So the board acts (although never with enough alacrity).The rationale is once-again simple: Allow the company to escape its entrepreneurial straightjacket and move rapidly toward its next development phase. But could this strategy be misguided or occasionally just plain wrong?
Certainly, it would explain why the two prominent returns of 2007, Dell and Yang, were summoned back only a few short years after their boards fêted the recruitment of next-generation managers. Dell celebrated his partnership with Kevin Rollins in more than mainstream media. A 2005 Harvard Business Review article featured an extensive analysis of his relationship with the man he helped hire as a replacement for himself in his namesake company.
Just months after Dell took back the reins at Dell, Yang volunteered to do the same at Yahoo. Like Jobs before them, both returned to lead the companies they created 10 or 20 years before. But unlike Jobs, Dell and Yang didn’t complete their exile all the way to the rivers of Babylon. Both stayed on, continuing to contribute to the companies whose DNA they not only shared but created.
A look at Yahoo’s management succession could be instructional if not prophetic for venture capital boards tempted to effect change. Yang turned over the CEO reins early on to Tim Koogle in 1995, but he retained the C-level role of Chief Yahoo. Koogle was ousted in 2001 as the board sought to diversify a business model that was overly dependent on advertising (sound familiar?).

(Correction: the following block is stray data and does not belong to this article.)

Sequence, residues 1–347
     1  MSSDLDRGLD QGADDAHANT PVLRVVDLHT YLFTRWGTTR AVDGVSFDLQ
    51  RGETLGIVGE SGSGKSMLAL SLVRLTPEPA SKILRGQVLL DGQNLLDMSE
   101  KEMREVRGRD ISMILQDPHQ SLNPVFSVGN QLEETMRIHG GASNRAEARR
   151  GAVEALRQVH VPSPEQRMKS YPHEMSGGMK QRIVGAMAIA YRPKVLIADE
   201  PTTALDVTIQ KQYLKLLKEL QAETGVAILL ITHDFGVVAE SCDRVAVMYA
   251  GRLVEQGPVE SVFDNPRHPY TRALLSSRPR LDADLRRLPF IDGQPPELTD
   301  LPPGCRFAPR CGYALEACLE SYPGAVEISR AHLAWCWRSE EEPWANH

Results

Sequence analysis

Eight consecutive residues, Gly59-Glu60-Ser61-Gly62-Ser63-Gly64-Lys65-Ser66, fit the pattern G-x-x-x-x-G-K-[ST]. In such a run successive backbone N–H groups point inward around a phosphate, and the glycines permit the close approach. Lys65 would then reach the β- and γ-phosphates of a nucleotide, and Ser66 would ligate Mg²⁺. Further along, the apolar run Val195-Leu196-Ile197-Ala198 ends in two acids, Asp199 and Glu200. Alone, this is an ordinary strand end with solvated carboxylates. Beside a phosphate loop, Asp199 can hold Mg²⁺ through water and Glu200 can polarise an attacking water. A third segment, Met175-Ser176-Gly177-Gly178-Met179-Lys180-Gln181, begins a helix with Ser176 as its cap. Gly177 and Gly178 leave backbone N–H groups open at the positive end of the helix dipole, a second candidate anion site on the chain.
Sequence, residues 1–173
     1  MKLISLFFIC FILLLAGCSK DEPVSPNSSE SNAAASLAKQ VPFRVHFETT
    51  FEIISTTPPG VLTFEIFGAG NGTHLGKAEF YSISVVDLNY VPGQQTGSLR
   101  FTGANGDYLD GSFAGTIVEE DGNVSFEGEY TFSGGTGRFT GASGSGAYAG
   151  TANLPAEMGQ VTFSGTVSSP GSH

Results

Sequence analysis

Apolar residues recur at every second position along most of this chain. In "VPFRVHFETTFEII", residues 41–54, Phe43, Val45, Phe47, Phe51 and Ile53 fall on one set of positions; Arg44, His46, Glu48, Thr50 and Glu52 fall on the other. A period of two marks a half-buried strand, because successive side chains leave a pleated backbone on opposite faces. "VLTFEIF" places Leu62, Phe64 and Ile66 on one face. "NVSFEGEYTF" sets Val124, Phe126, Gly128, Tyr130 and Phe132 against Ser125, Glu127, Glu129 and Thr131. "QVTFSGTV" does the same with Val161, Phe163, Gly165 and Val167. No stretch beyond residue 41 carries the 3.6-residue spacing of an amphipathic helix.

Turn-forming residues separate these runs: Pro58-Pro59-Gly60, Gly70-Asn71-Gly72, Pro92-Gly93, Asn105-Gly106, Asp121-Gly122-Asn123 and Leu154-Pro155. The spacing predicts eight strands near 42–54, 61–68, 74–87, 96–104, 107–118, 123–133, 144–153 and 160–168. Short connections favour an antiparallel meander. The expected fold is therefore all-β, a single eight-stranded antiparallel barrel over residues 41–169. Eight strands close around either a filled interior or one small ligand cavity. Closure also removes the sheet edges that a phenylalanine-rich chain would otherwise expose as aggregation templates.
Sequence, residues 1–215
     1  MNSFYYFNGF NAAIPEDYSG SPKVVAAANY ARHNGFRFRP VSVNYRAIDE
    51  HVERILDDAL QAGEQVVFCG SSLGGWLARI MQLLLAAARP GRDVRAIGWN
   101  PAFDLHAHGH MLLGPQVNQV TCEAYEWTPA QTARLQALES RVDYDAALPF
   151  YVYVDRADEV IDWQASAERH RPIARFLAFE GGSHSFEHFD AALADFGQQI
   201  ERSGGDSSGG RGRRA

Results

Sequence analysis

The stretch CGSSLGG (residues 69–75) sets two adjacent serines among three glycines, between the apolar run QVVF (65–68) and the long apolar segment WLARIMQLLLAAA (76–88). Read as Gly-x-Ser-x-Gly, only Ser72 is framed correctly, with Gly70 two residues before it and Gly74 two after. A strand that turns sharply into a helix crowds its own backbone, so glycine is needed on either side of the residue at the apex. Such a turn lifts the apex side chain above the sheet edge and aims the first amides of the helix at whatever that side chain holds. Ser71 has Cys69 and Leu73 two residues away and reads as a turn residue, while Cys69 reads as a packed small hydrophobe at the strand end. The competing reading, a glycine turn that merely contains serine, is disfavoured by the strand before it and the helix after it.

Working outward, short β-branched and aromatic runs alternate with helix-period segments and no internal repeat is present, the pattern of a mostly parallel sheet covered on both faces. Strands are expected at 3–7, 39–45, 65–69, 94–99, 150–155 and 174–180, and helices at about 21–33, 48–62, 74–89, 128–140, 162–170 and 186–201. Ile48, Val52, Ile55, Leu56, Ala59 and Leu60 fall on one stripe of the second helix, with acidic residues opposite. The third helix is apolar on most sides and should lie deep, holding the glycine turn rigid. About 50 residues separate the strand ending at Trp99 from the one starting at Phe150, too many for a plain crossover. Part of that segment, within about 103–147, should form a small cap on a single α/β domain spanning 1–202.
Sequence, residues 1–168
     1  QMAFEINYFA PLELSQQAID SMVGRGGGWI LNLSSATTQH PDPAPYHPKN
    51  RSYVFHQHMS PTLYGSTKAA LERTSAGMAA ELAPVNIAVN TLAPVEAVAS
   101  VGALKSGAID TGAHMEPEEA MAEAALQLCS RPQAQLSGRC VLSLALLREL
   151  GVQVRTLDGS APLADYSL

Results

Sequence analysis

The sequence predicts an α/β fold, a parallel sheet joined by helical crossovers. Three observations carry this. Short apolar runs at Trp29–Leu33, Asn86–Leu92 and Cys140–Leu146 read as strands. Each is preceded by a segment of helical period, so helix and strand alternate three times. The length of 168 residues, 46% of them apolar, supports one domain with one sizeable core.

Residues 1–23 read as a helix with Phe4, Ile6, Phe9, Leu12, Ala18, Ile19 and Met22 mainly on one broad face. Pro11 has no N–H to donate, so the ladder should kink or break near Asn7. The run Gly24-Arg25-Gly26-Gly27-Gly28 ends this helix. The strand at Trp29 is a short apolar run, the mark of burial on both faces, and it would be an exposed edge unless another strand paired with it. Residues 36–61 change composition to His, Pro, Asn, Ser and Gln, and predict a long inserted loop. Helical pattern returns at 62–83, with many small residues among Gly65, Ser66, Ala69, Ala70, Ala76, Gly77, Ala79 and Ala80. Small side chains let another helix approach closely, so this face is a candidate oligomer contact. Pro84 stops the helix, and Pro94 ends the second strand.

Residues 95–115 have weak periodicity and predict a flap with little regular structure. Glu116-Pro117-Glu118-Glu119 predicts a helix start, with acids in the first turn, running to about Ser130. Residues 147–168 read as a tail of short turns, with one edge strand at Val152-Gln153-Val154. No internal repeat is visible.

Of Late, Yahoo’s performance was linked to that of Hollywood mogul Terry Semel, whose face continued to be celebrated on the covers of national business magazines even as his company effectively began to follow the march of AOL into Internet irrelevance. The PR mythology extolled the virtues of an entertainment leader (who else to deliver a live Tom Cruise appearance at the Consumer Electronics Show in Las Vegas last year?) descended from Mount Hollywood to the Valley of Silicon to transform a classic Web 1.0 business into something grander (drum roll please): an entertainment company.
Meanwhile, Yang, last seen sleeping under his desk when the company was still small, had mostly disappeared from external visibility. Somewhat suddenly, Yahoo celebrated the dropping of the CEO guillotine upon its renowned CEO and Yang’s return to the helm. What happened at Yahoo might give pause to those advocating large-impact CEO changes.
A look at Yahoo’s management succession could be instructional if not prophetic for venture capital boards tempted to effect change.”
Bart Schachter and George Hoyem, Managing Directors, Blueprint Ventures